While in earlier civilizations humans did less within a day, their need for food preservation was greater. I gather that this could be a reason why lemon became a guacamole ingredient. However, the simplest home experiment shows that the acidity of a citrus fruit will not prevent an avocado exposed to oxygen from turning brown. An untreated avocado could resist oxidation better and longer than when treated with lemon, lime or other acids. In its fresh state, its oil preserves it naturally, as fat functions like a seal against oxygen. Like coconuts and olives, the avocado is uniquely high in natural fat content, while most fruits consist of water and sugar. Such high fat and low sugar content place it in the realm of savory foods.

The world of recipes is wild. It has no master. Any given one is the unfinished result of experience, knowledge, culture and personal taste. This accounts for the countless versions that exist for any singular dish. Principally, guacamole calls for the use of avocados, spicy peppers and tomatoes. The palate does rejoice in this simplicity. Yet, the creative scientist in me and a curious palate call for possible enhancements. After all, guacamole is a food group, not a single dish.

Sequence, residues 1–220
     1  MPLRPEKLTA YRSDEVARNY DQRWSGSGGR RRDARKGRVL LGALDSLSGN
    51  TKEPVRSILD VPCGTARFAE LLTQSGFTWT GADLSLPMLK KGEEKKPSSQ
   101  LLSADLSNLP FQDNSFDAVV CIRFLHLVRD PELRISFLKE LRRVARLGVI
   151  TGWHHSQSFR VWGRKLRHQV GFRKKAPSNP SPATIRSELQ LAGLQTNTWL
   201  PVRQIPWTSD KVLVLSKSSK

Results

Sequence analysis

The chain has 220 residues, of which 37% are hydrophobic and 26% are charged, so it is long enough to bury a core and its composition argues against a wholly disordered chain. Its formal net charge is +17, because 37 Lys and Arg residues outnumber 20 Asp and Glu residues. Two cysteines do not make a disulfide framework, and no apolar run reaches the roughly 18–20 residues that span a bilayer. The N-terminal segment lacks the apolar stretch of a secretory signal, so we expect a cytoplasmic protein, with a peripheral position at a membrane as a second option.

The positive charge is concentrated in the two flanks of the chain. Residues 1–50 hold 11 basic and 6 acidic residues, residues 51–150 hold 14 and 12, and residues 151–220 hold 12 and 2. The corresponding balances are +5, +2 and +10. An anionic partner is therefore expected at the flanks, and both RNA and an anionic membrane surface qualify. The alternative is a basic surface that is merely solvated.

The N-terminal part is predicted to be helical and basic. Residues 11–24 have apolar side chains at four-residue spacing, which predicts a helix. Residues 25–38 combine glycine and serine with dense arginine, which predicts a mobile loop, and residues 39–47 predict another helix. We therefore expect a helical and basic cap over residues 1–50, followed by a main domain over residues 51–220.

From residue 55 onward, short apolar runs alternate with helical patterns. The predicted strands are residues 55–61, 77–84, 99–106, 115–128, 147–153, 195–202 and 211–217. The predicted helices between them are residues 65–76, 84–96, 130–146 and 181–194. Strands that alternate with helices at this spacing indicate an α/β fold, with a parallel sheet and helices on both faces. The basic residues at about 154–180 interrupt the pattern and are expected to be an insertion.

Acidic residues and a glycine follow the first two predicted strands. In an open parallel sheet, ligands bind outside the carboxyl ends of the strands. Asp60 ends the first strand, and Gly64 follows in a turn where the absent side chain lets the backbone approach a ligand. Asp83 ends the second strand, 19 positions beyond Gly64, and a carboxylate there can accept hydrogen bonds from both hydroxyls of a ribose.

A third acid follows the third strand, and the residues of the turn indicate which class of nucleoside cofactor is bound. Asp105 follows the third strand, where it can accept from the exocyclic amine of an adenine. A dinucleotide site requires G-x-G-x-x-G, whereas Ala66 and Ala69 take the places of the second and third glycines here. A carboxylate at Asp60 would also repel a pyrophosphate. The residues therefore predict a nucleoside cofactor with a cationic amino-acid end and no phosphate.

Growing up in a Cuban-Puerto Rican household, my palate has been acquiring the avocado taste for over six decades, thus, it is nothing exotic but the understanding of a taste found in one’s own backyard, easily obtainable by shaking a tree, climbing it or merely by collecting the least battered fruits scattered about the tree. My avocado taste preference calls for a guacamole with tomato, red onion, cilantro, garlic, cumin, lime and serrano pepper.

Making Guacamole

A careful guacamole preparation, and attention while eating it, contribute to the most natural and genuine ways to deconstruct this culinary masterpiece. With this goal in mind:

  • Do concentrate and dedicate yourself to the preparation.
  • Use a wooden spoon. Metals speed up the oxidation process. For the same reason, avoid using a metal bowl for mixing.
  • Work the avocado last, reducing its exposure time to oxygen.
  • Allow the avocado taste to prevail. It should not be overshadowed by spices and other flavors. Go light on garlic, cumin or any other strong flavors.
  • Mind the texture during the preparation. Avoid ingredients high on liquid content. Guacamole is buttery and chunky, not a watery sauce. (A mashed, wetter consistency is referred to as Aguacamole.)
  • Mind the texture as you eat it. Chew attentively and extensively. Beware that only a lengthy mastication of the avocado will allow its taste to be fully released. This is how the taste buds are able to communicate the tasting experience to the brain, and only then we ‘understand’ taste.
  • Eat only at room temperature. Coldness diminishes the gustatory experience, as cold fats do not stimulate the taste buds.
  • Choose ripe avocados and ripe tomatoes to ensure a developed, richer taste.